But a mix of perseverance, business guts and a little luck has put Keithley in position that has other CEO’s salivating.

Where one might expect a hard-nosed business attitude, Keithley is just the opposite. He is personable and serene when talking about the company.

The comfortable conference room adjacent to his office is decorated with watercolor paintings and a brilliantly illustrated Japanese screen that stretches the length of the room’s far wall. When asked about his interests outside of business, he is quick to share tales of hiking in Munich and his love for traveling.

Then, when it comes time to talk business, Keithley’s words take on a steady, almost deliberate, cadence.

“I think people don’t know of our good performance,” he says. “And the reason they don’t know about it is because it seems to have been so instant. We’ve got to prove to people we’re not just a flash in the pan, but that this is something really different from what we’ve done in the past.”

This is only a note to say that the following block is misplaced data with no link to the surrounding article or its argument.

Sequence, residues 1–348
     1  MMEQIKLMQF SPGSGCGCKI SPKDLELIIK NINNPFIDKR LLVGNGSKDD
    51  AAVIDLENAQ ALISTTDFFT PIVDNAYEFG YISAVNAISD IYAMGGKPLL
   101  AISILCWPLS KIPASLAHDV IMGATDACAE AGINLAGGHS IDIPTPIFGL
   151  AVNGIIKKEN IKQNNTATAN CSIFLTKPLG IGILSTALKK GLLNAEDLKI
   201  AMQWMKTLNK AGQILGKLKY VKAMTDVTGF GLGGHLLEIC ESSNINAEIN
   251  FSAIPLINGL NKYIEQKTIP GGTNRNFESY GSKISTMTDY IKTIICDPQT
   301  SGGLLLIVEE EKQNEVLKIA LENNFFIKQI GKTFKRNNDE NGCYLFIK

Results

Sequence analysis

After spending time talking to Keithley about the company’s recent success, two points become clear. The first is, although the company’s skyrocketing stock price seems a type of overnight phenomenon, it would never have happened had it not been for some shrewd business decisions on Keithley’s part during the company’s rocky times.

The second is the fact that Keithley does not look at the company’s current level of success as any sort of summit. On the contrary, he truly believes it is just the beginning of the climb.

Face adversity head on

During the fall of 1993, a mini-panic slowly filtered through halls of Keithley Instruments. After marching steadily upward for more than 40 years, the company’s annual revenues had dipped for the third straight year.

In 1991, annual revenue stood at $100 million. By 1993, however, it was $95 million. The customer base the company had served for many years appeared to be slowly drying up. Keithley also suspected the company’s divisive organizational structure was not helping matters.

His father had built the company by employing a holding company approach, where the managers of individual product lines treated their corner of the company’s operation like a separate business, with little regard for how other lines were performing.